Yesterday The Royal Gazette e-mailed Mr MacLean, who is currently off Island, asking why his company was proposing to build a casino before a referendum on gambling has taken place. Mr Maclean did not respond to our questions, while a spokeswoman for Mayor Outerbridge also failed to return calls.
But Deputy Mayor Donal Smith did confirm that a relocation plan for the docks was being considered.
Asked if North Shore was viewed as a possible venue for a new facility, Mr Smith said: I do know that there have been some discussions with Government about that.
In his letter, Mr MacLean acknowledged that, in order for the plan to succeed, the developer will have to work with Government to increase or introduce tourism generally and blue tourism specifically, destination gaming, performing arts, international business and possibly a free enterprise zone.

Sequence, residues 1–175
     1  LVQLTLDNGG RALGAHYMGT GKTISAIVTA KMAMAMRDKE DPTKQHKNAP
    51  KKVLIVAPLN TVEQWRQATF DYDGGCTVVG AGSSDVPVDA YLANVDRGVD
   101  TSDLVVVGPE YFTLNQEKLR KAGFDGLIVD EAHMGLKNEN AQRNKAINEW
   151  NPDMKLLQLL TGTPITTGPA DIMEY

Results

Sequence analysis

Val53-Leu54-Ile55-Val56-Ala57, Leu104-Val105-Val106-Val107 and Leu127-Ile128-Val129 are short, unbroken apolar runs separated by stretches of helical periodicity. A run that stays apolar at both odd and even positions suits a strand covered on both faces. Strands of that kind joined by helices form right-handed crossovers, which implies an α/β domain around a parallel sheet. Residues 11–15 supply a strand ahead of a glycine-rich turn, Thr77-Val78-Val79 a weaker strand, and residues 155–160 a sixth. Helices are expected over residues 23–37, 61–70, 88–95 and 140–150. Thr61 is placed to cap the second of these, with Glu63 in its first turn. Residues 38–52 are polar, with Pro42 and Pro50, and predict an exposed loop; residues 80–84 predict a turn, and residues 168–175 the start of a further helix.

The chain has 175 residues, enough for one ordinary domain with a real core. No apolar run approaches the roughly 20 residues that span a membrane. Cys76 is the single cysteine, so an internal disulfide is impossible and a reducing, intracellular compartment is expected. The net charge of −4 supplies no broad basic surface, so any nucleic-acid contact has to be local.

And he stressed that the conceptual master plan was not final, but a first step towards developing a scheme which all stakeholders can contribute and provide feedback on.
The current usage of our city waterfront represents a significant undervaluing, and even abuse of this very prime real estate treasure. Mr MacLean said.
Our vision is grand, it is iconic and comprehensive. It will create civic and national pride. The leadership of ADP recognises that nature has bestowed upon Bermuda an extraordinarily beautiful harbour within our city. In order for the City of Hamilton to achieve its best opportunity for success, we need to create a vibrant and dynamic city within this natural setting.
Mr MacLean added that the development will be the catalyst for rebranding of who we are and will catapult Bermuda into the same league as internationally renowned resorts such as Monte Carlo, Dubai and the Bahamas.
Through transforming the Hamilton waterfront into a 21st century centre of vibrant business, cultural, artistic and social activity, the people of Bermuda will enjoy a significantly upgraded and modernised city, Mr MacLean concluded.